Butternut Squash and Cauliflower Macaroni and Cheese
Yields: 8-10 servings
Prep Time: 25 minutes
Total Time: 50-60 minutes
This dish is a nutritional take on a traditional favorite. The butternut squash adds some extra beta carotene and cauliflower add vitamins C and K. It truly is a great family meal.
14 ounces pipe rigate pasta (or whole wheat elbow macaroni or even gluten free pasta)
2 cups whole milk
3/4 cup frozen* chopped butternut squash or squash puree *(see notes in write up below)
1 cup finely grated cauliflower
1 1/2 cups sharp cheddar cheese, plus 1/8 cup for sprinkling on top
1 1/2 cups shredded mozzarella cheese (or any combination, cheddar, mozzarella, jack, etc.), 1/8 cup for sprinkling on top
3 tablespoons butter
1 teaspoon salt
1/2 teaspoon onion powder
1/4 teaspoon ground nutmeg
1. Cook pasta, drain, and set aside.
2. Grate cauliflower on the small grating of a cheese grater, and set aside.
3. Place squash, cauliflower, butter and milk in a saucepan and heat to a low simmer. Gently break apart squash with a spoon or spatula during cooking process. (Sometimes I have used a potato masher for quicker results.)
4. Once mixture is thoroughly blended, remove from heat.
5. Slowly add cheeses (remembering to save the last 1/8 cup each for the top) and salt, onion powder and nutmeg.(or one of similar size).
6. Combine heated cheese mixture with pasta in a lightly oiled glass dish (I used a Le Creuset 7” by 10.5” dish.) Sprinkle remaining cheddar cheese and mozzarella cheese.
7. Bake at 375 degrees for 30-35 minutes.
I absolutely LOVE macaroni and cheese – in any form. The hard part is my body is not a fan of the traditional dish, with pounds of cheese and butter. My digestive system complains and my energy droops. So, not only is the amount of cheese greatly reduced in this recipe, it is replaced with grated cauliflower and has a hint of sweetness from the butternut squash. Sharp cheddar is a bolder cheese, so there is a good underlying flavor to the whole dish, which feels so light and is packed with flavor.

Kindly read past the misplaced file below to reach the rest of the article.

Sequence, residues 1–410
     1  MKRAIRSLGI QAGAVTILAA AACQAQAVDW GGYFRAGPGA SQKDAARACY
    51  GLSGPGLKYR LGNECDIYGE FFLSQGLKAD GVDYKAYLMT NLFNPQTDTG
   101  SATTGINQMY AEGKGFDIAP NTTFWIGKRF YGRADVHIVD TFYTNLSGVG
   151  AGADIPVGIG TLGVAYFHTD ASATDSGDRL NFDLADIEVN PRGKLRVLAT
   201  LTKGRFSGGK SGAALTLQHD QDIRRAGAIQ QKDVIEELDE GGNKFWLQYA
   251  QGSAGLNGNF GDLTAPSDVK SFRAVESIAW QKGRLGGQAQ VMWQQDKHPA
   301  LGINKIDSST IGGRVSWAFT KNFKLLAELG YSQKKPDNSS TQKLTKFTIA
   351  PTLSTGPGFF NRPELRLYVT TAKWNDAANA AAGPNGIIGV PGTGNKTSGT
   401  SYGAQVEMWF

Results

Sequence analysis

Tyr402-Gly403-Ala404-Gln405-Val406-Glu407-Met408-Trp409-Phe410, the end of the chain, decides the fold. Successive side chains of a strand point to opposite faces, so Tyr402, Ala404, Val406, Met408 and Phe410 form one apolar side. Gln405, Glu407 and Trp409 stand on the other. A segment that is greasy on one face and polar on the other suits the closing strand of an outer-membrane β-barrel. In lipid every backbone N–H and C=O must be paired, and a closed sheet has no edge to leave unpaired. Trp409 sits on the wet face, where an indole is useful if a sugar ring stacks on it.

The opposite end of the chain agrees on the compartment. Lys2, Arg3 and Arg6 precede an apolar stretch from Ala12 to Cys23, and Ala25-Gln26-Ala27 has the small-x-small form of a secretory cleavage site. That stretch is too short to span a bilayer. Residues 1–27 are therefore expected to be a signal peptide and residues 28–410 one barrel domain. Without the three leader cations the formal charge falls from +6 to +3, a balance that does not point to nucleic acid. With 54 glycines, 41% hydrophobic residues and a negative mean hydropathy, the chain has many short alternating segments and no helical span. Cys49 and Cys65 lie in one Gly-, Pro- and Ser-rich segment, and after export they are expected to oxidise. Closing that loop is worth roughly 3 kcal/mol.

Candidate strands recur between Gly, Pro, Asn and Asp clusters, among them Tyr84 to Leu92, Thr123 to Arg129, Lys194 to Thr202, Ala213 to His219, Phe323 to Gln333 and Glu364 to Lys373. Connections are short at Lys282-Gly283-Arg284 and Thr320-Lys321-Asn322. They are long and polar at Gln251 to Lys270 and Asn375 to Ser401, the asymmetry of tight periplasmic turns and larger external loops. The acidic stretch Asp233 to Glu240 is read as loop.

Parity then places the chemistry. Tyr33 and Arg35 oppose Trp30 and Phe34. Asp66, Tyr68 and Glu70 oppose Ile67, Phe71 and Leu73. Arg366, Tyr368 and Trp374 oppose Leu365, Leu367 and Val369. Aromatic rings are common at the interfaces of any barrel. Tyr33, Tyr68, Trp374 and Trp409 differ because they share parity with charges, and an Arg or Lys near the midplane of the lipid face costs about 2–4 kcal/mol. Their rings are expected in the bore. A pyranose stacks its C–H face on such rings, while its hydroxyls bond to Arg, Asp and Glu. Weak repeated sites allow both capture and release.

Grating the cauliflower works really well, as it blends right in without any chunks or uneven cooking. Frozen butternut squash is amazing, because it softens and breaks apart from the heat right in the saucepan. I originally figured that out only by a fluke. I was trying to add squash into boxed mac and cheese, and just tried mashing it after steaming it. It broke down so well after being steamed, I tried just adding it straight in the pan, still frozen, and got the same result! Another option is to use Homemade Squash Puree that I make ahead of time and store in the freezer.
If you don’t have chopped butternut squash available, you could always use squash puree. Sometimes the brand of frozen squash has varied, and some are tougher to break down in the pan. I don’t mind that in the dish, but when I had a little one who was extremely picky, I ended up using a potato masher for the stubborn pieces.
I used pipe rigate (very similar to traditional macaroni noodles), and you really could use any noodle, even gluten free. There is no flour or other gluten in the recipe, so it could easily be a gluten free pasta bake. I used the pipe rigate because I love the shape, and it really holds little pockets of cheese and ooey-gooey goodness.
As I mentioned, we have definitely had our food issues over the years. One if not the other two as well has some texture issues. Believe it or not it was actually a thing about melted cheese, even turning down pizza at times. She could tolerate this a little more because the cauliflower and squash break up the stringy characteristic of cheese. Either way, still a winner for me. I don’t feel the need to make any side vegetable dish, as it’s all in there. A little fruit on the side and dinner is ready to go!
*This post has been updated September 13, 2017. It was originally published August 25, 2015.